We’re Rubbish at Recycling

How can we solve our recycling crisis?

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Recycling is simple, or so we’ve been taught. Just throw your paper, plastic, and metal in the blue bins and forget about it. If you’re really an overachiever you might even unscrew the lid from your water bottle before giving it a toss. This current system, single-stream, is effortless. 

Jonah Carleton
The RHS recycling dumpster clearly dictates what Welch’s single-stream system accepts.

But this convenience comes at a cost. 

Single-stream allows all recyclable materials, including paper, plastic, and metal to be thrown in the same bin. They are then sorted out by a plant called a Materials Recovery Facility or MRF, and then resold to re-processors, the facilities that actually recycle paper, cans and bottles into new goods. 

It’s convenient for consumers, which studies have shown encourages those who may have been reluctant to start recycling. Some municipalities, like Grand Rapids Michigan, reported as much as a 40% increase in tonnage following a switch to single-stream. And more tonnage means bigger profits for MRFs. 

On the surface, this sounds like a win-win: bigger profits, lower costs, more recycling overall. 

Unfortunately, the benefits of single-stream are only an illusion.

The final stop for recyclable goods are re-processing facilities. There, recyclables are turned into new items. The most efficient re-processing facility would be able to reuse 100% of the materials they receive. But realistically, they reuse much less than 100%. 

The re-processors’ priority is quality. They can only make a profit off of whatever they are able to reuse. Contaminated or dirty goods, called residuals, must be sent to a landfill. The higher the percentage of residuals in the materials re-processors receive, the less they can actually recycle. Overall tonnage does not matter to them, only usable tonnage. 

Single-stream makes it easy for consumers to produce dirty, unusable recycling. Allowing everything to be thrown in one bin makes it more likely that someone will throw something in that doesn’t belong. It communicates the message that recycling is a mindless process. 

Single-stream also encourages “wish-cycling,” or the process in which consumers throw pizza boxes, plastic bags, or other non-recyclable goods in the blue bin, hoping that they can somehow be recycled. While well-intentioned, “wish-cycling” is making single-stream recycling largely contaminated.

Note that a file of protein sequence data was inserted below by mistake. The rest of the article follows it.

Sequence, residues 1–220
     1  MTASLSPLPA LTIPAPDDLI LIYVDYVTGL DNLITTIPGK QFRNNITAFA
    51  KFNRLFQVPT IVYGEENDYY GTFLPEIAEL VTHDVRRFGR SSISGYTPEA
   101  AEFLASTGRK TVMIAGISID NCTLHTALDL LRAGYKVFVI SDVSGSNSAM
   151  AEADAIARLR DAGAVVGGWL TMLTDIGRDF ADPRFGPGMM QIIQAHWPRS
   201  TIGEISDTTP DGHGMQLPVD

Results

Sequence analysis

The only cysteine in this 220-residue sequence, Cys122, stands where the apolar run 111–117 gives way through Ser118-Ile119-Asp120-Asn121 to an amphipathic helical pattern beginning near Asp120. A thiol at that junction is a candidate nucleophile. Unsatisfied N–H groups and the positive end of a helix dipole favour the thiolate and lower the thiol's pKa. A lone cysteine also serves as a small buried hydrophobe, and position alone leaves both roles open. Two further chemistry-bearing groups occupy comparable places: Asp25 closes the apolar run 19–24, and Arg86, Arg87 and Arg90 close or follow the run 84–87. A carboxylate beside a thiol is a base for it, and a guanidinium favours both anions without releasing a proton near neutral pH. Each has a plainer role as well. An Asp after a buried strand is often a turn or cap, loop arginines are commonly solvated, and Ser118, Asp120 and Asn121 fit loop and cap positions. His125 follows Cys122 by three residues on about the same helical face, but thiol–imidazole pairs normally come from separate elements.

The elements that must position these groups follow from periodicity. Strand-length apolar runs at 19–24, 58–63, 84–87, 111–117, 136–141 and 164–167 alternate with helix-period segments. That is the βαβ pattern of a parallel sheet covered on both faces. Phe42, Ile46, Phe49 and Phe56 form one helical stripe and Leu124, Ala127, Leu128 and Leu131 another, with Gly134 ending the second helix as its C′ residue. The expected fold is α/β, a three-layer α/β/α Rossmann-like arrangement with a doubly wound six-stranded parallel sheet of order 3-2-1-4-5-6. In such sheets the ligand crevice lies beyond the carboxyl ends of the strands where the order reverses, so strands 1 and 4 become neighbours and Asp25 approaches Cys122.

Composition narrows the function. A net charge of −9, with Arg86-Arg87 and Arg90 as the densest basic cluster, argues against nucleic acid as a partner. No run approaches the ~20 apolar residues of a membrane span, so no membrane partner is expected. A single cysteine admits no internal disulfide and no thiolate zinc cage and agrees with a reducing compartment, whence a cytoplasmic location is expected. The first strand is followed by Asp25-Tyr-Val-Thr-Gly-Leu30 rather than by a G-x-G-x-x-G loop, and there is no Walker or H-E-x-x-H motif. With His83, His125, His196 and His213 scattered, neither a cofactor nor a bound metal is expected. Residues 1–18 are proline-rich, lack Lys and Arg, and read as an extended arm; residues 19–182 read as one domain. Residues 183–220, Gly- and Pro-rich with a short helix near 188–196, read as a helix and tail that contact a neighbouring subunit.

Not only does single-stream propagate carelessness in what we recycle, but when usable materials are together in the bin, they are much more likely to be contaminated by other goods. For example, wet paper, which could be dealt with if it had been brought isolated to an MRF, contaminates a huge percentage of the incoming glass. Due to the not-so-delicate process of single-stream collection, much of the glass breaks, making it even harder to separate from the paper. Multi-stream systems are so effective that hardly any glass is sent to a landfill. Single-stream sends as much as 40 percent.

Dual-stream recycling (in which consumers place metal and plastic in a separate bin from paper) produces residuals at a rate of only about 2-3 percent. Following a switch to single-stream, some municipalities report as much as 16.6 percent.  That is 8 times as many residuals.

If one contaminated item, like a greasy pizza box, wet paper, or shattered glass, is found in a bin, it will contaminate the whole thing. The whole bin, including everything that could have been recycled, is sent to a landfill. 

Even worse, single-stream is not even cheaper for consumers because, while collection costs are lowered for MRFs, re-processing facilities costs skyrocket. They either have to invest large sums in cleaning technology or have to send goods to landfills. Both options limit their profits and contribute to the increasing cost of recycling for consumers once again.

If municipalities want to increase their tonnage, a cleaner way would be to simply put in the effort in promoting and publicizing a dual- or multi-stream system. 

It’s easy to pretend this problem doesn’t exist. Nobody wants to spend their time discussing waste. Nevertheless, it’s staring us in the face at RHS, and some people are catching on. 

Most students or faculty wouldn’t think to look inside our dumpsters to see what our output truly looks like. But if you did, you’d likely find what we at Rhinebeck Reality found: bags of contaminated recycling in the trash dumpster and a largely empty recycling dumpster. We are so consistently irresponsible in our recycling habits that, according to our head of facilities Mr. Tieder, “Custodians probably get in the habit of tying up the recycling and just putting it in with the regular garbage.”

Jonah Carleton
Contaminated cans and bottles found in the RHS trash dumpster.

Our carelessness is having direct and immediate consequences right here in our community. It’s fully within our power to stop this in our school. While we may be stuck with single-stream for the time being, it’s still our responsibility to recycle responsibly. 

Katie Hall, President of the Environmental Club, stresses that “Students need to understand that when they put something wrong into the recycling bins, the recycling is thrown away.”

It’s no secret that single-stream is on the way out. Kingston has already made the switch. Rhinebeck could be next. But if Rhinebeck does make the change, will we be ready? If we can’t effictly police ourselves using the simplest methods, how can we be ready to sort using a multi- or dual-stream system? We need to start checking with our waste management services instead of wish-cycling. We need to stop contaminating good recycling so severely that it gets thrown out with the trash. We need to start improving now.